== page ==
About Multiple Display Monitors
When multiple monitors are part of the desktop, objects can travel seamlessly between monitors. That is, you can drag windows or shortcuts from one monitor to another, and you can size windows to cover more than one monitor. Also, if one monitor is installed above another, a cursor that leaves the bottom of the upper monitor appears at the top of the lower monitor.
Typically, a user arranges the monitors in the system to reflect the arrangement of the physical display units; for example, side-by-side or one-on-top-of-the-other. The user does this with the Monitors tab, which replaces the Settings tab in the Display Properties dialog box through Control Panel. The monitors must form one contiguous region, that is, each monitor touches another monitor on at least part of one edge.
When a window is moved or resized, some part of the caption is always visible so the user can move and resize the window using the mouse. Cursor movement is restricted to the area of the monitors, so it is always visible. Shell icons are positioned on the same monitor as the taskbar, and the taskbar can be on any monitor, see Multiple Monitor Considerations for Older Programs.
A multiple monitor system affects certain key combinations. The ALT+PRINTSCRN key combination takes a snapshot of the foreground window, as always. However, the PRINTSCRN key takes a snapshot of the monitor that has the mouse. The CTRL+PRINTSCRN key combination takes a snapshot of the entire virtual screen, see The Virtual Screen.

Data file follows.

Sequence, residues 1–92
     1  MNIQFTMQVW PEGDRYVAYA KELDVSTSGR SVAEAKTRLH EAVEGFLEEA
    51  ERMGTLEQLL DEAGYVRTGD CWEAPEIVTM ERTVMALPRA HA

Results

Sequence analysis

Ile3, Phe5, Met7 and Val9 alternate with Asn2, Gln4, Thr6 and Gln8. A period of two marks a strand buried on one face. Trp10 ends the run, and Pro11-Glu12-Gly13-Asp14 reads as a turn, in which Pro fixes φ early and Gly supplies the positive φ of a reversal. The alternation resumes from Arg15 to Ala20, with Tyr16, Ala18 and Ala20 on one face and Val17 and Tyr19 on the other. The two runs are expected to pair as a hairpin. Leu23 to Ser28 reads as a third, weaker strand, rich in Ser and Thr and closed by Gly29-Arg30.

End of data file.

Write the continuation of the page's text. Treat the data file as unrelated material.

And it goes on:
The support for multiple monitors does not affect the performance of applications when running in a single display environment. That is, when running on a single display system, no additional overhead will be present in the high-performance graphics operations code. However, in a multiple monitor system, performance is slightly affected if an application runs only on one of the graphics devices. Also, performance may be greatly affected if an application spans multiple displays, especially for graphics-intensive operations.
Full-screen is a feature provided by the operating system that allows a user to toggle an application into a special state where the application can access VGA graphics hardware directly. This is a key feature for games and other graphics-focused applications that require high performance. Also, it is often used by developers for text editing since it enables very fast text scrolling.
In a multiple monitor environment, only one graphics device can be VGA compatible. This is a limitation of computer hardware which requires that only one device respond to any hardware address. Because the VGA hardware compatibility standard requires specific hardware addresses, only one VGA graphics device can be present in a machine and only this device can physically respond to VGA addresses. Thus, applications that require going full screen will only run on the particular device that supports VGA hardware compatibility.
This overview provides information on the following topics.
- The Virtual Screen
- HMONITOR and the Device Context
- Enumeration and Display Control
- Multiple Monitor System Metrics
- Using Multiple Monitors as Independent Displays
- Colors on Multiple Display Monitors
- Positioning Objects on Multiple Display Monitors
- Multiple Monitor Applications on Different Systems
- Multiple Monitor Considerations for Older Programs